The most worrisome issues are the two new Supreme Court justices and how they will rule on gay rights issues, as the Supreme Court is now tilted in favor of a socially conservative agenda. They will continue to influence our lives long after George Bush is gone from office. These men serve for LIFE and cannot be removed. Both of these men received strong recommendations from numerous anti-gay groups.

 

Anyway, if that's not enough, Nick, you're welcome to go look around for more stuff. There is a long paper trail of court cases, declassified memos, etc. that show in black & white how the current administration's policy's towards gays has been bad. Would the Democrats do better? Maybe not, but they would most likely not erode previous rights that we have obtained like Bush has gone back and attempted to do (see example #1).

 

If you still want to debate, that's up to you, but as for me, case closed. You are entitled to your opinion, and in the coming years, with a number of important gay rights issues already scheduled to come up before the "new" Supreme Court, we will see where the chips fall, so to speak.

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OK, Nickolasjames, since you're obviously talking about our little political banter in the chatroom tonight, I went and found a few examples you were looking for, although I still think that if you are going to so vociferously defend the current administration in its stance on the "gay issue," you may want to be more willing to inform yourself of the 'facts' (as you say), rather than demanding that others do it. All it takes is a quick trip to Google to find a few relevant examples ... and these are just a sampling. There is already quite a significant paper trail which shows how the current administration has back-tracked on gay rights.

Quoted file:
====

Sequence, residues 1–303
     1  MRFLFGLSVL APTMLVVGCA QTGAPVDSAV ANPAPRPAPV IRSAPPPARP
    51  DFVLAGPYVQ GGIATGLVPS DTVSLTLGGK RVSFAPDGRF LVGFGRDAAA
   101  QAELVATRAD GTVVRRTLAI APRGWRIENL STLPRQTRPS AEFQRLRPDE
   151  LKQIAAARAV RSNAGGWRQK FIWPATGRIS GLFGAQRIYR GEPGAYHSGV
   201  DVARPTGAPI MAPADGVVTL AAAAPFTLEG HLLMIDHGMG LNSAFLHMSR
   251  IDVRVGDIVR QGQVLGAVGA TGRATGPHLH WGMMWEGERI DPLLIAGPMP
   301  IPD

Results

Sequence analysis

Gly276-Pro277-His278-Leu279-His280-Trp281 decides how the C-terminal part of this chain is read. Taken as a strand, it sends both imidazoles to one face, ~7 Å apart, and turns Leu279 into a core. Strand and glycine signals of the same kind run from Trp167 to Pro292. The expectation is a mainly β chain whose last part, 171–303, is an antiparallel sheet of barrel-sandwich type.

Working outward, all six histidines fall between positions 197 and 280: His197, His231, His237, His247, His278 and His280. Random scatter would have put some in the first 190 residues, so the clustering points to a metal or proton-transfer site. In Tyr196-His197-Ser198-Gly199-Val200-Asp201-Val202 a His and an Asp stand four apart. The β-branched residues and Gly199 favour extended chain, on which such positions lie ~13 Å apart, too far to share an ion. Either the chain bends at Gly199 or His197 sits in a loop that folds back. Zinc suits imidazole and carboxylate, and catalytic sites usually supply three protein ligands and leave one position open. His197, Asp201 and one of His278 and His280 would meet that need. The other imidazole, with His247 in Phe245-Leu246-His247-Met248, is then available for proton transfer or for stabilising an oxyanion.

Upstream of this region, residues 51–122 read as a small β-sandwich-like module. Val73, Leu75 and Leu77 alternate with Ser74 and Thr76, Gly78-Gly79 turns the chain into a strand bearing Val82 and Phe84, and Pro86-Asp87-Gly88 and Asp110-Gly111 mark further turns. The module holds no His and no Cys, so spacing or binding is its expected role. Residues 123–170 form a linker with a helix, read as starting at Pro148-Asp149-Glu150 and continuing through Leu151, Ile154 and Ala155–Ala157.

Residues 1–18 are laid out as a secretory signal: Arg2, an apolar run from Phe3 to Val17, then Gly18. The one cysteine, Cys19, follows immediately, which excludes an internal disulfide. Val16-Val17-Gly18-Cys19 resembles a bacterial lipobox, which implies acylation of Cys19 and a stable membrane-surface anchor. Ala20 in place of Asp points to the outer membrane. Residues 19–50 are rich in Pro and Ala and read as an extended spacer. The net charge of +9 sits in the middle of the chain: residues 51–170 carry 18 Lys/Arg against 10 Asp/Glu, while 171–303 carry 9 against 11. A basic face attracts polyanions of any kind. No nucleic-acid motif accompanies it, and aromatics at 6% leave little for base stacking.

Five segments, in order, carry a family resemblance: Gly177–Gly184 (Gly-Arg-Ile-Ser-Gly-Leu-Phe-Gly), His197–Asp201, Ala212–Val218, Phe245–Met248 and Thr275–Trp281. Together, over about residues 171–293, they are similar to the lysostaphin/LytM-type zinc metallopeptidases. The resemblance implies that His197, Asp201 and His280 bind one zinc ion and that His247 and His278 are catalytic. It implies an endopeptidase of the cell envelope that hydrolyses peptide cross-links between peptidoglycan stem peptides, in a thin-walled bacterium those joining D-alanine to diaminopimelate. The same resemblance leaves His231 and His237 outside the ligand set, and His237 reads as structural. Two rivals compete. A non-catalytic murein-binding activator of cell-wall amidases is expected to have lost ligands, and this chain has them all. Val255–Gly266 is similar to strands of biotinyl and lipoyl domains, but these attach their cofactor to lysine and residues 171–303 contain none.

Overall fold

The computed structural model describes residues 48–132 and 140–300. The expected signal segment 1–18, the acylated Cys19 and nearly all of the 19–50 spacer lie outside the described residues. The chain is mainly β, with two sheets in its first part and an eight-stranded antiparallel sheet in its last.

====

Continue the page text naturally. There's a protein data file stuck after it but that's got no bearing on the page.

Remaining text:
1) In 1995, Pres. Clinton issued an executive order stating that sexual orientation could not be used as a factor in issuing security clearances to government employees. This was a big step forward for homosexual federal employees. In late 2005, George Bush issued a new executive order, changing the prior one, and stating that for homosexuals, "security clearance cannot be denied solely on the basis of the sexual orientation of the individual." This means that sexual orientation CAN be a factor used to deny security clearance, although not the only one ... this leaves a lot of room for interpretation, and is a step backward. In the law, subtlety can have major consequences.

 

2) The new Chief Justice of the Supreme Court, John Roberts, wrote in several memos that he did NOT agree with the Supreme Court ruling in "Lawrence v. Texas," which decriminalized sodomy. (Source: Washington Post, August 26, 2005, Page A02)

 

3) New Associate Justice of the Supreme Court, Samuel Alito, while serving as an appellate judge in 2001, provided the ONLY dissenting opinion in the case "Saxe v. State," which regarded a school district policy that would prohibit harrassment against gay, lesbian, and bisexual students. Despite Judge Alito's assertion that the school district policy was unconstitutional, he did not win, and gay students were protected by law against harrassment because of their sexual orientation.